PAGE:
Libby Learned of Plame Wilson's Identity from Five Administration Officials in Three Days - Zeidenberg then walks the jury through the testimony as given by prosecution witnesses. Both former State Department official Marc Grossman (see January 23-24, 2007) and former CIA official Robert Grenier testified (see January 24, 2007) that Libby had badgered Grossman for information about former ambassador and administration critic Joseph Wilson (see May 29, 2003), and Grossman not only told Libby about Wilson and his CIA-sponsored trip to Niger, but that Wilson’s wife was a CIA official (see June 10, 2003 and 12:00 p.m. June 11, 2003). Zeidenberg notes, “When Grossman told this to Libby, it was the fourth time, in two days, that Libby had been told about Wilson’s wife.” Libby had learned from Vice President Cheney that Wilson’s wife was a CIA official (see (June 12, 2003)). Two hours after Libby’s meeting with Grossman, Grenier told the jury that Libby had pulled him out of a meeting to discuss Wilson (see 2:00 p.m. June 11, 2003). During that impromptu discussion, Grenier told Libby that Wilson’s wife was a CIA official. Libby then learned of Plame Wilson’s CIA status from Cathie Martin, Cheney’s communications aide (see 5:25 p.m. June 10, 2003 and 5:27 p.m. June 11, 2003). Martin, who testified for the prosecution (see January 25-29, 2007), learned of Plame Wilson’s CIA status from CIA press official Bill Harlow. Zeidenberg ticks off the officials who informed Libby of Plame Wilson’s CIA status: Cheney, Grenier, Martin, and Grossman. (Zeidenberg is as yet unaware that Libby had also heard from another State Department official, Frederick Fleitz, of Plame Wilson’s CIA status—see (June 11, 2003)). On June 14, Libby heard about Plame Wilson from another CIA official, briefer Craig Schmall (see 7:00 a.m. June 14, 2003), who has also testified for the prosecution (see January 24-25, 2007). Schmall’s testimony corroborates the testimony from Martin, Grossman, and Grenier, Zeidenberg asserts.
Leaking Information to Judith Miller - On June 23, just over a week after learning Plame Wilson was a CIA official, Libby informed then-New York Times reporter Judith Miller of Plame Wilson’s CIA status (see June 23, 2003). Why? Zeidenberg asks. Because Libby wanted to discredit the CIA over what Libby saw as the agency’s failure to back the administration’s claims about Iraqi WMDs. Miller is the sixth person, Zeidenberg says, that Libby talked to about Plame Wilson. Miller also testified for the prosecution (see January 30-31, 2007).
Told Press Secretary - On July 7, Libby told White House press secretary Ari Fleischer about Plame Wilson (see 12:00 p.m. July 7, 2003). Fleischer, under a grant of immunity from the prosecution, also testified (see January 29, 2007). By that point, Wilson had published his op-ed in the New York Times (see July 6, 2003), a column the administration considered to be highly damaging towards its credibility. Libby told Fleischer that the information about Plame Wilson was to be kept “hush hush.” However, Zeidenberg says, it is likely that Libby intended Fleischer to spread the information about Plame Wilson to other reporters, which in fact he did (see 8:00 a.m. July 11, 2003). Fleischer is the seventh person that evidence shows Libby spoke to concerning Plame Wilson.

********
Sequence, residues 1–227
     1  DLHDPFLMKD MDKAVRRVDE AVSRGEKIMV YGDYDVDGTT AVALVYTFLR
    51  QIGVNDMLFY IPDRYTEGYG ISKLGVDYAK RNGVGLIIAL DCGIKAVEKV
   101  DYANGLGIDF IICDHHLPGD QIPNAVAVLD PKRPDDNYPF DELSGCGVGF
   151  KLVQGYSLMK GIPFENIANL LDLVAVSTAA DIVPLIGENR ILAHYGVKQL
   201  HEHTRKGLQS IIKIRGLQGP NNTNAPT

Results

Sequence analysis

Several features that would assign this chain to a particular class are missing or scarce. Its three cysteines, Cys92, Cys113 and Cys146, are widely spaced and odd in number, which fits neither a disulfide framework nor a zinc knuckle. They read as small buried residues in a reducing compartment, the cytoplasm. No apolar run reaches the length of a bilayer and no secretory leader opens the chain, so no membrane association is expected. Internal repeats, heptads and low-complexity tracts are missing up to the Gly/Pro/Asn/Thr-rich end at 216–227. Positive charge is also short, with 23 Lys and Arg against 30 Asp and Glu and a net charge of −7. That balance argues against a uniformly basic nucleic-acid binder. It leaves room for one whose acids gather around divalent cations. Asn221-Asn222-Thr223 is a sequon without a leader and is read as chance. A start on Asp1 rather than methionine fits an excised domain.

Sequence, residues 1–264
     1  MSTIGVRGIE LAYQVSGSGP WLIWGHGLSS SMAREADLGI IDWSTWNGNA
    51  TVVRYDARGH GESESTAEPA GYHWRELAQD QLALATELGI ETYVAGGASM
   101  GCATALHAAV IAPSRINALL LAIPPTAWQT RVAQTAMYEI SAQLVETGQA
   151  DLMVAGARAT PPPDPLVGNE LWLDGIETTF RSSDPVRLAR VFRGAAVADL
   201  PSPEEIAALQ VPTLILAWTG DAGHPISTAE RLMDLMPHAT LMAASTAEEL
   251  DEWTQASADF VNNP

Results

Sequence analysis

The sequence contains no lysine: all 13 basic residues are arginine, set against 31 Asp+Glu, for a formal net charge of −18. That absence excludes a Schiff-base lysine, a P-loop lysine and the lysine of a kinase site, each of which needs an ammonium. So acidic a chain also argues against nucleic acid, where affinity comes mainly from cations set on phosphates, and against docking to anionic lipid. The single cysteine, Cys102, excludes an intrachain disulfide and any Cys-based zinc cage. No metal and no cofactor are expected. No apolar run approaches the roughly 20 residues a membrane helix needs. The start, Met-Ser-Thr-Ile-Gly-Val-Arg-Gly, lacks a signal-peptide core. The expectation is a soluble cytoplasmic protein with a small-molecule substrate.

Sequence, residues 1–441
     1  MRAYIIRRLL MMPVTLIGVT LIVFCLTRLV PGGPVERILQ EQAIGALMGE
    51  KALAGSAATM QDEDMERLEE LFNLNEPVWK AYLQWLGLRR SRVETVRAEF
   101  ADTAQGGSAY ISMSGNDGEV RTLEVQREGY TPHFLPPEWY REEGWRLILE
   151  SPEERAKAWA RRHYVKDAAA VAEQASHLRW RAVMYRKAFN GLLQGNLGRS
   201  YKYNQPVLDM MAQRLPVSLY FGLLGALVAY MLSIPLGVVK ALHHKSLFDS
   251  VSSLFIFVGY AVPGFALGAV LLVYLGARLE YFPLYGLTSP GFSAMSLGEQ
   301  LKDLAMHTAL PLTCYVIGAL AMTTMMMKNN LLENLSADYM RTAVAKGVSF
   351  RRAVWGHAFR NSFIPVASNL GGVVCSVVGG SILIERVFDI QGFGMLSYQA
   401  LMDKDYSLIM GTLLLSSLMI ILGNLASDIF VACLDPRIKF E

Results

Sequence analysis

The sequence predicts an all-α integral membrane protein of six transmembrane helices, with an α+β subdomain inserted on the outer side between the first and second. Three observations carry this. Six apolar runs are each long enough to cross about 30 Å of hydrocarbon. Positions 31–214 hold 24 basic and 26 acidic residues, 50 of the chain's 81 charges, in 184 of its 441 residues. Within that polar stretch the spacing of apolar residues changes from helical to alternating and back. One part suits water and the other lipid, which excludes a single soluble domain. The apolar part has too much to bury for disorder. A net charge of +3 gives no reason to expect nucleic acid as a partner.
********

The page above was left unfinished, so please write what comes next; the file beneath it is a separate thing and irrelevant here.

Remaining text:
Conferring with Cheney's Chief Counsel - The eighth person in this list is David Addington. At the time, Addington was Cheney’s chief counsel; after Libby stepped down over being indicted for perjury and obstruction (see October 28, 2005), Addington replaced him as Cheney’s chief of staff. Addington also testified for the prosecution (see January 30, 2007). Libby asked Addington if the president could legally declassify information at will, referring to the October 2002 National Intelligence Estimate on Iraq (NIE—see October 1, 2002). Libby planned on leaking NIE material to Miller on July 8 (see 8:30 a.m. July 8, 2003).
Leaking Classified Material to Miller - As stated, Libby indeed leaked classified material to Miller, during their meeting at the St. Regis Hotel. The “declassification” was highly unusual; only Cheney, Libby, and President Bush knew of the declassification. Libby again told Miller of Plame Wilson’s CIA status, and this time told her, incorrectly, that Plame Wilson worked in the WINPAC (Weapons Intelligence, Nonproliferation, and Arms Control) section of the agency. Cheney and Libby chose Miller, of all the reporters in the field, to leak the information to, Zeidenberg says; in her turn, Miller went to jail for almost three months rather than testify against Libby (see October 7, 2004). That fact damages her credibility as a prosecution witness.
The Russert Claim - Zeidenberg then turns to NBC’s Russert, who also testified for the prosecution (see February 7-8, 2007). Zeidenberg notes that after lead defense attorney Theodore Wells initially asserted that neither Russert nor any other reporter testifying for the prosecution was lying under oath, Wells and other defense attorneys cross-examined Russert for over five hours trying to prove that he indeed did lie. Libby claimed repeatedly to the grand jury that Russert told him of Plame Wilson’s CIA identity (see July 10 or 11, 2003), an assertion Russert has repeatedly denied. Zeidenberg plays an audiotape of Libby’s grand jury testimony featuring Libby’s assertion. Libby, Zeidenberg states, lied to the grand jury. Russert never made any such statement to Libby. [Marcy Wheeler, 2/20/2007] The defense tried to assert that Russert lied about his conversation with Libby because of some “bad blood” between the two. However, “evidence of [such a] feud is completely absent from the trial.” And if such a feud existed, why would Libby have chosen Russert to lie about before the jury? Such an assertion is merely a desperate attempt to discredit Russert, Zeidenberg says.